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Contact House and Senate to Support HR 5691 and S 3836!

Contact House and Senate to Support HR 5691 and S 3836!


Currently, drought is not an eligible adverse weather event under the Emergency Assistance for Livestock, Honey-bees and Farm-Raised Fish Program (ELAP).  This program is the only catastrophic disaster assistance program that is truly beneficial for all of the U.S. aquaculture (except farmed turtles and alligator).

Through the efforts of the Louisiana Farm Bureau Federation and the crawfish farming community companion legislation has been introduced to include drought as an eligible event to benefit the aquaculture farming community:

The National Aquaculture Association strongly recommends the aquaculture farming community reach out to their House member and Senators to request they join in supporting this much needed legislation.  Keep in mind contacting local offices is just as effective as attempting to get through to DC offices.

If your Representative, Senator or their office staff have questions, then share with them:

  • Drought can trigger a variety of direct and pernicious aquatic animal impacts.
  • Drought increases water temperature, reduce surface and groundwater availability, for crawfish that consume aquatic plants in shallow ponds the forage will be killed and as soils dry crawfish are killed through desiccation, and increase salinity to lethal concentrations for farmed molluscan shellfish and crawfish.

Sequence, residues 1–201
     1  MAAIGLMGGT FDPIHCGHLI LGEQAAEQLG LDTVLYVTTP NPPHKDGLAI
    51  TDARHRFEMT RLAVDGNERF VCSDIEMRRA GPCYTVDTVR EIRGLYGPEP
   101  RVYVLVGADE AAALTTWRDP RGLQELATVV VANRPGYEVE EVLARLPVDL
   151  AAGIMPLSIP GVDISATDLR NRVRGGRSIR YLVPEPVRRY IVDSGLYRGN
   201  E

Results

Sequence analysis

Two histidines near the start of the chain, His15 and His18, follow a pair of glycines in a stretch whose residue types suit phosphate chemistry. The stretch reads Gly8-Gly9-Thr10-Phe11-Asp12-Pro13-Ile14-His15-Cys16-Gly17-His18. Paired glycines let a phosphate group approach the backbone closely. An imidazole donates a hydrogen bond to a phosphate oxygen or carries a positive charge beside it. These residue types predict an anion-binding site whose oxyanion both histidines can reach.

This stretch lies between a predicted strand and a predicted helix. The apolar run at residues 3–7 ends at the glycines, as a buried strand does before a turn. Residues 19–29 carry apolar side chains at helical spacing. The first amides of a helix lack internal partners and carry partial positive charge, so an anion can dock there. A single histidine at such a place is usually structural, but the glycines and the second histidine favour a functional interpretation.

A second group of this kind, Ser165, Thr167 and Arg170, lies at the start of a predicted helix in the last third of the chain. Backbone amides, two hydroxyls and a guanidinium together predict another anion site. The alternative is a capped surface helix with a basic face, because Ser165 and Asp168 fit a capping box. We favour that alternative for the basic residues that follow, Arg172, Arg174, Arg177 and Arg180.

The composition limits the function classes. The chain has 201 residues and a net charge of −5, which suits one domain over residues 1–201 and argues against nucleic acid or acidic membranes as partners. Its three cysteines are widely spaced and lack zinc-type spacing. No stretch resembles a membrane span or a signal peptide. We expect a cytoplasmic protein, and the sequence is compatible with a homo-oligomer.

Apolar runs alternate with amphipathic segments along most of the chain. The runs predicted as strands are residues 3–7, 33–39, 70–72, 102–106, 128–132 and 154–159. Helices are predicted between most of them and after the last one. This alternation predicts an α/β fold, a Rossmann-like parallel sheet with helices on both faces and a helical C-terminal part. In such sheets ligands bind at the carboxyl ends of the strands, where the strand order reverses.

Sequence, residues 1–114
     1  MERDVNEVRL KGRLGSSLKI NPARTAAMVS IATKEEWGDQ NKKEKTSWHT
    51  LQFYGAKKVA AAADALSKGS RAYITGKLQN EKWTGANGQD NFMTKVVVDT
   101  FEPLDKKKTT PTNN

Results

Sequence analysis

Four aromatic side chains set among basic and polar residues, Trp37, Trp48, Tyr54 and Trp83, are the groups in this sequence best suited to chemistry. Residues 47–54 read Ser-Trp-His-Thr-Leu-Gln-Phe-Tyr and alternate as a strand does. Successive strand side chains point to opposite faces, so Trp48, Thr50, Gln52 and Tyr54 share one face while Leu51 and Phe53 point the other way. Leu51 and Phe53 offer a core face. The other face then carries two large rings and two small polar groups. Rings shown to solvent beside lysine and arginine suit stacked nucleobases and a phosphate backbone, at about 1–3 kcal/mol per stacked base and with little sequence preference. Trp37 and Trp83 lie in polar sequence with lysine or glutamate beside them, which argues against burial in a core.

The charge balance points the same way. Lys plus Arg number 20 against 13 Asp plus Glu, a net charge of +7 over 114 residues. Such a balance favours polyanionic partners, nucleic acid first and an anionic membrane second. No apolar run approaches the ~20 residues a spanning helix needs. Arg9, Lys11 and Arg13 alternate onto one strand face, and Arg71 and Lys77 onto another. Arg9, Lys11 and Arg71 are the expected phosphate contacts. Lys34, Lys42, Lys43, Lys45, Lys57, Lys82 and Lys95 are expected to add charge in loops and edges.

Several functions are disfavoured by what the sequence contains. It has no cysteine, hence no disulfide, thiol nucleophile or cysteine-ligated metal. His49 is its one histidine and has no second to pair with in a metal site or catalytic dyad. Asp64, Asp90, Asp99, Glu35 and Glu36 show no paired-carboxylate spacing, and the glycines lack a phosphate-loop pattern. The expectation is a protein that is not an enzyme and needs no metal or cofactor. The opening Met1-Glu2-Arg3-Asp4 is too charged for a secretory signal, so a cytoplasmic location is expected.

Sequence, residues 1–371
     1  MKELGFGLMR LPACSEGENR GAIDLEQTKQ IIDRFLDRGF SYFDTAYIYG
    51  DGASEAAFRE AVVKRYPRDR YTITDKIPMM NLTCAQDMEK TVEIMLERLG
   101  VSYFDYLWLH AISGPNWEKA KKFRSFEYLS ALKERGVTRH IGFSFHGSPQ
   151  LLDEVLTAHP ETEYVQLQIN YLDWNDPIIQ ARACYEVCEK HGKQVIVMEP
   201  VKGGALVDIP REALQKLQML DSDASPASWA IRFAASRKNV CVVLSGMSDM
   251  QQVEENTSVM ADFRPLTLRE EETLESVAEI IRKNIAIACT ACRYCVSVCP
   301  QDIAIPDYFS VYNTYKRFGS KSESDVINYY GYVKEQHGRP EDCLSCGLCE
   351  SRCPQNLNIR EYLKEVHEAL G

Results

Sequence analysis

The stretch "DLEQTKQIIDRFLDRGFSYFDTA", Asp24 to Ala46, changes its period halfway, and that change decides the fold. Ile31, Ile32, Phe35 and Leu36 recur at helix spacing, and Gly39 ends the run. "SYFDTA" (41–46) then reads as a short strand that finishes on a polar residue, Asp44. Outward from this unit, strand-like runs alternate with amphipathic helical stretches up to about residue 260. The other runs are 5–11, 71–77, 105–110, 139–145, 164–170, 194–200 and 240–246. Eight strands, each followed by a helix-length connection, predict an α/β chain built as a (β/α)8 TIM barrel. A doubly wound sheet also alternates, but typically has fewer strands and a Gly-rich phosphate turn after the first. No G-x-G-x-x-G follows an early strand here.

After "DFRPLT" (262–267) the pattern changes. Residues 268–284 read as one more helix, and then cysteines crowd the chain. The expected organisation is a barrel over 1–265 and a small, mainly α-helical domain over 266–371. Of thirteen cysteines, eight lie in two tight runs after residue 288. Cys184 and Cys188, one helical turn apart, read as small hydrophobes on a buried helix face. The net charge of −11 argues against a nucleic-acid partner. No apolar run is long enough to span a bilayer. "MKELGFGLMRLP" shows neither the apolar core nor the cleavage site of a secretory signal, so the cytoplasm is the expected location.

• Drought negatively impacts reproductive cycles through death or stress of sexually mature animals.
  • Drought can cause collateral negative impacts including intense algae blooms that are directly toxic to farmed aquatic animals and reduced water column dissolved oxygen or reduced soil moisture. These direct and indirect effects will kill, or stress, farmed aquatic animals that are quantifiable by immediate death loss, death loss within a short period of time or chronic death over the period of the drought and lasting drought effects.
  • Drought is readily measurable, length and intensity, using local weather or coastal water quality reporting. At the regional or farm level drought can be quantified by accessing drought monitor mapping (Current Map | U.S. Drought Monitor ( and farm-held records for water temperature, flow, and salinity. Given water quantity and quality is essential to farm operations, farms hold long term records that can yield seasonal averages to be compared to current drought induced changes.
  • Your experiences with the impact of drought on farmed aquatic animal health and well-being.

Remember to invite your Representative, Senators or staff to visit your farm to learn first-hand your great story in producing high-quality farmed aquatic animals as seafood, bait, recreational fish, ornamental fish and invertebrates for aquariums and water gardening, or  the biological control of nuisance aquatic plants.

If you are unfamiliar with ELAP, please click here for a fact sheet or contact the National Aquaculture Association at for information.

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